Fire Classifications and Extinguishers
Every family should have a fire escape plan, working smoke alarms, and at least one fire extinguisher on each level of their home. A fire with a stable supply of fuel, oxygen, and heat can double in size within 60 seconds; therefore, quick action is the key to preventing catastrophic damage. Fires, and their extinguishers, are categorized into 5 different classes based on fuel types. An ABC fire extinguisher is typically what most people stock within their homes as it is versatile – it can extinguish 3 out of the 5 fire groups; however, many household fires result from Class K type situations, which require their own specific extinguisher. Read the following information to learn more about these fire groups and the methods to extinguish them.
Class A - Typical sources of these fires include trash, fabric, paper, wood, and plastics. Class A fires are the most common, and they will burn as long as heat, oxygen, and fuel are available. Water is a good extinguisher for these fires because it reduces heat. Water based and foam extinguishers can also be used.
Class B - Fires with fuel bases of flammable gases or liquids, not including those used/produced in the kitchen (see Class K). Some examples of Class B fuels include gasoline, propane, butane, kerosene, alcohol, solvents, and paints. These fires are typically difficult to extinguish, and they produce thick smoke. Water can spread a liquid fuel source, so it is best to extinguish these fires by smothering the flames with a foam extinguisher.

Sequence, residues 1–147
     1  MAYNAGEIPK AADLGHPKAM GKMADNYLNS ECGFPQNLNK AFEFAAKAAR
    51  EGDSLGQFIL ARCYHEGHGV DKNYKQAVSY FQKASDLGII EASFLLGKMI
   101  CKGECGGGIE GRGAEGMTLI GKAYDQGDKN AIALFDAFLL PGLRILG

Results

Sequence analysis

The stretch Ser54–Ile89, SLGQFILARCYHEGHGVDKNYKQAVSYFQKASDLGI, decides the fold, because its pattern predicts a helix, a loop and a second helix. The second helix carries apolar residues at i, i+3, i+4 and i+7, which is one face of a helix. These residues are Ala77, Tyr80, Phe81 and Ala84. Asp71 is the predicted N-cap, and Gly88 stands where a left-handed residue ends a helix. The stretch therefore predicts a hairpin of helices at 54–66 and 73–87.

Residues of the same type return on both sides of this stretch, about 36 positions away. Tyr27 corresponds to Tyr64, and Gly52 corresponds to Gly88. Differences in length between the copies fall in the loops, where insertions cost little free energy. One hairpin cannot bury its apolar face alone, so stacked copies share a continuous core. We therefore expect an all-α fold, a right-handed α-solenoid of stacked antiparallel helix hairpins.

Class C - Fires that originate from electrical equipment. More common in industries that use large electrically sourced machinery, but can occur in homes with faulty wiring, overloaded outlets, etc. The first step to extinguishing these types is to turn off the electricity source. Water should not be used to control electrical fires, neither should foam extinguishers, instead use carbon dioxide and dry powder extinguishers (ABC).
Class D – Fuels for combustible metal fires include titanium, aluminum, magnesium, and potassium. They typically occur in laboratory settings, but can sometimes happen in various business industries. The intensity of a metal fire may be increased using water or foam; so many times fire fighters will allow these fires to burn themselves out.
Class K – Two out of five household fires begin in the kitchen. Their fuel types include vegetable and animal fats, grease, and cooking oil. They can be extremely difficult to extinguish because of the high temperatures in which they burn at. Water will not extinguish these fires, it may even increase their severity by spreading the flames. Class K fires require their own personal extinguisher (K) that contains a wet chemical formula to cool off high temperatures and prevent re-ignition.
Use Caution with Extinguishers
During a fire the immediate concern should be for yourself and your family members. Before you attempt to extinguish a fire make sure the fire department is being called and that everyone in your home is aware of the situation. Only use an extinguisher while a fire is small and manageable. Never try to extinguish a fire if you are unsure on how to use an extinguisher correctly, there will be no time for reading instructions. If you have any amount of doubt regarding extinguishing a fire, don’t do it. Leave it to the fire fighters and get yourself to safety.
If you experience a fire in your home, SERVPRO of Fort Dodge is here to help. Our professionals will quickly assess the impact of the flames, smoke, and moisture to create a personalized restoration plan for your home. If you have fire damage, don’t hesitate to call SERVPRO of Fort Dodge for 24-hour emergency services at (515) 955-4009.